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Fighting injustice with shared silence

Summit encourages meditation, active listening to bridge the rift between black and white.

Chris Dowdy of Paul Quinn College in Dallas addresses participants at the Racial Unity Leadership Summit in Abilene, Texas. (PHOTO BY TED PARKS)

ABILENE, Texas — How do Christians respond to centuries of slavery, decades of Jim Crow laws and the almost daily revelations of race-related violence in America?
With 24 hours of silence.

Organizers of the Racial Unity Leadership Summit — a program bringing together leaders to work for racial reconciliation in Churches of Christ — met for a planning session at a Texas retreat center a year ago.

Eric Wilson
Before discussing specific times and topics for the summits, the latest of which took place recently at the Highland Church of Christ in Abilene, they observed silence from 6 p.m. one day until 6 p.m. the next.

“Of course, your cell phones and all your technology were to be put away,” said Eric Wilson, spiritual director for the summit and executive minister for the Sycamore View Church of Christ in Memphis, Tenn. “Everybody just had very individual kinds of prayer and meditation, walking the grounds, being in silence.”

The minister underscored the importance of contemplation and other traditional spiritual disciplines.

Instead of praying “OK, God, here’s the deal. … We’re going to do this racial unity thing. So please help us. In Jesus’ name, amen,” Wilson said, the participants asked open-ended questions, such as “God, what would you have us do? Who do we have to be in order to make this work?”

The Abilene gathering — attended by about 150 people, black and white — was the sixth unity summit.

The first took place in September 2013 at Abilene Christian University, followed by meetings in Atlanta, Nashville, Tenn., Memphis and Los Angeles. ACU Bible professor Jerry Taylor began providing leadership for the development of the summits during a one-year break from teaching responsibilities.

Jerry Taylor
“It is understood that faculty who take that amount of time off will work on something they’re passionate about,” Taylor said. “It started there and has just taken on a life of its own.”

Organizers encourage participants to use contemplative practices — including fasting, silence, meditation, study and active listening — to foster spiritual and racial unity.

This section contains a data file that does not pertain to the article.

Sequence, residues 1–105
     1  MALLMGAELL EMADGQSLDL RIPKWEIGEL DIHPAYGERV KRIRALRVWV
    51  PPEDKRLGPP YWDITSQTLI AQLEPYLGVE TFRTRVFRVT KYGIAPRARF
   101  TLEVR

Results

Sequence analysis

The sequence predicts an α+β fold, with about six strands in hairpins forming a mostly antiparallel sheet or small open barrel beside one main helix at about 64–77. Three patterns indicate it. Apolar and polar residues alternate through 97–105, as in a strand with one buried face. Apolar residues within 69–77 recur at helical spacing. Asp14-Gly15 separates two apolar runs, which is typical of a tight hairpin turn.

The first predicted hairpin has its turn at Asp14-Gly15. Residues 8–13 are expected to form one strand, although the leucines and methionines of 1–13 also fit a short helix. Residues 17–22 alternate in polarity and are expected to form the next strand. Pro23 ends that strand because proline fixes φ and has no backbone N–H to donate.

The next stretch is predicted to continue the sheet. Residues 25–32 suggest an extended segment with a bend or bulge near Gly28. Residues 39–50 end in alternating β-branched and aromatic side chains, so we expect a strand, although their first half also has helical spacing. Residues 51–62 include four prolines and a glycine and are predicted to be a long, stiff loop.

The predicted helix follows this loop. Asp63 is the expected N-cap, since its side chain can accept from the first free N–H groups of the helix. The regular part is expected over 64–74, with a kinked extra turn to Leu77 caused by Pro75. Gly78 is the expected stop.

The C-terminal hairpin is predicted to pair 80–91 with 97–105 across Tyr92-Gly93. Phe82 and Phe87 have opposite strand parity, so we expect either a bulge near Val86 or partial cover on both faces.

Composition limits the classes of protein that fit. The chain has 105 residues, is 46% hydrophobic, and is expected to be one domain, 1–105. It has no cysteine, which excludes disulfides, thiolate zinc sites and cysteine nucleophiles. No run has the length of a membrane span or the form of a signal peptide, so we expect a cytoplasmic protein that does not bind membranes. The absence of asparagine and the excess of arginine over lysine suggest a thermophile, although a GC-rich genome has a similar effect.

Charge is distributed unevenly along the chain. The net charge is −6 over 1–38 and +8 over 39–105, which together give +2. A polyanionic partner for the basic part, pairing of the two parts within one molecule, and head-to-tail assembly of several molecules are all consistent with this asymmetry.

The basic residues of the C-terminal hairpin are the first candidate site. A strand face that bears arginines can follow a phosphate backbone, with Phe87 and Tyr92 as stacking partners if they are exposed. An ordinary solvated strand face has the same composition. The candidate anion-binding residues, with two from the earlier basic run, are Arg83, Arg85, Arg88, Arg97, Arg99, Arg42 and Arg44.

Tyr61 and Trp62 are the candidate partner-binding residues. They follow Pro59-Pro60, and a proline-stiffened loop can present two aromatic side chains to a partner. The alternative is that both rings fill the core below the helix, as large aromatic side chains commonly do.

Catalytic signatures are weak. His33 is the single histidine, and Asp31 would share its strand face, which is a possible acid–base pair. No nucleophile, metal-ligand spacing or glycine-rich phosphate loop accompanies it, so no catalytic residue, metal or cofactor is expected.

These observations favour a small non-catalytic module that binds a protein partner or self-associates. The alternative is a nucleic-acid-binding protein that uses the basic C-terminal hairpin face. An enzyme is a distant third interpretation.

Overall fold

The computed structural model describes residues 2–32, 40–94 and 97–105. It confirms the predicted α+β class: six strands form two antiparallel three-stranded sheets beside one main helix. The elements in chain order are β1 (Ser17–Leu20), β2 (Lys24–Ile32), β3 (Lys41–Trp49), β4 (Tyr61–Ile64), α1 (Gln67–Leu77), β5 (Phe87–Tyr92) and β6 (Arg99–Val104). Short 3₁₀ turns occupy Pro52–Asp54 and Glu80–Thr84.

“When blacks and whites become partners in a contemplative community, they can experience together the transformation of their conscious and subconscious minds,” Taylor wrote on the ACU website www.char.is. “It is when people sit together in silence that they give their souls the opportunity to communicate with one another in a spiritual language that is not of this world.”
While grounded in ancient Christian practices, speakers at the Abilene summit addressed complex issues plaguing church and society.

Charleston minister Bobby Green Jr. speaks during a Racial Unity Leadership Summit. See Green’s response to the racially motivated slaying of nine churchgoers in his home city. (PHOTO BY TED PARKS)

“Within the African-American community, there is a deep sense of racial inferiority,” said Bobby Green Jr., minister for the Charleston Metropolitan Church of Christ in South Carolina. “And most of it stems from … slavery and the effects afterwards.”

Dating the arrival of the first slaves in 1619, then jumping to the end of the Civil War in 1865, Green added up 246 years of slavery. After that came a century of Jim Crow legislation, halted by the Civil Rights Act of 1964 and the Voting Rights Act of 1965.

“Only an eighth of the period of history that we’ve been in this country have we really been free on paper,” Green said.

During the summit, Jarrod Robinson, preaching minister for Abilene’s Southern Hills Church of Christ, interviewed Green and Lawrence Rodgers, ministering evangelist for the Westside Church of Christ in Baltimore.

“Most people know on the ground in Baltimore that the problem is the system,” said Rodgers, whose city experienced violent protests after the April 19 death of 25-year-old Freddie Gray, who died in police custody.